Earlier this week a conservator at the Reina Sofia in Madrid announced that Picasso’s Guernica had suffered too much damage from previous travels ever to travel again, an announcement that I’m guessing was meant in part to discourage the Basque campaign to have the painting transferred to Bilbao or some other place in the Basque region. Now the director of the museum has chimed in. Manuel Borja-Villel has spoken to the Associated Press (via) and appears to be trying to pre-empt concerns that Guernica is in any kind of danger while still insisting it can never go out the door again.
For one thing, he clarifies that the 129 “changes” to the canvas — creases, stains and so forth — that were detected by the Reina Sofia’s recent x-ray examination are the same number that were found by the Museum of Modern Art in New York when it performed the only previous analysis of Guernica‘s condition in 1957, when the painting was still in MOMA’s temporary keeping.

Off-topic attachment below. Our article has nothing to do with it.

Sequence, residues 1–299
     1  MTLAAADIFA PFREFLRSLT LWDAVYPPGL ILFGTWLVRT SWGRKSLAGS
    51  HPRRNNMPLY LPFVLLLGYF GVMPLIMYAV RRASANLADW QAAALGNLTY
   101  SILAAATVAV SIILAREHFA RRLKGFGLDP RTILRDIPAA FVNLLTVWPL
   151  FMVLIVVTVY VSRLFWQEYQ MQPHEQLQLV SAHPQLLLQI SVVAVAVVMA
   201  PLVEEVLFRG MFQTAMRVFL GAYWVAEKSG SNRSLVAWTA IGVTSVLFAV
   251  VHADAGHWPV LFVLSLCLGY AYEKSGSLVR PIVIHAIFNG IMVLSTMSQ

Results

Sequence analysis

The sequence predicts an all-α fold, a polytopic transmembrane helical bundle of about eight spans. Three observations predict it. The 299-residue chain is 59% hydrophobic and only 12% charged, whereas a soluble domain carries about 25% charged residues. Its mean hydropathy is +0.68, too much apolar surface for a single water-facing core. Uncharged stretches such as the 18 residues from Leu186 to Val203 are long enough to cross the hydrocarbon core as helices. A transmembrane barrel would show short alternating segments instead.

Keep in mind that the AP story is a bit ambiguous when it says that after its debut at the Paris World’s Fair in 1937 Guernica went “on the road for nearly 20 years.” What it did was tour periodically. After the fair it traveled for a few years on fund raising tours for the Spanish loyalist cause before coming to rest with MOMA. Starting in January 1940 it also made an almost three-year tour around the U.S. Then in a four-year period starting in 1953 it went on several extended journeys, across Europe, to Brazil and around the U.S., when it was seen by millions of people — but not by Picasso, who was away from Paris when it stopped there in the summer of 1955. In fact he never saw the painting again after it was first shipped to New York in 1939. (For a complete account of Guernica’s history I recommend Russell Martin’s excellent little book Picasso’s War.)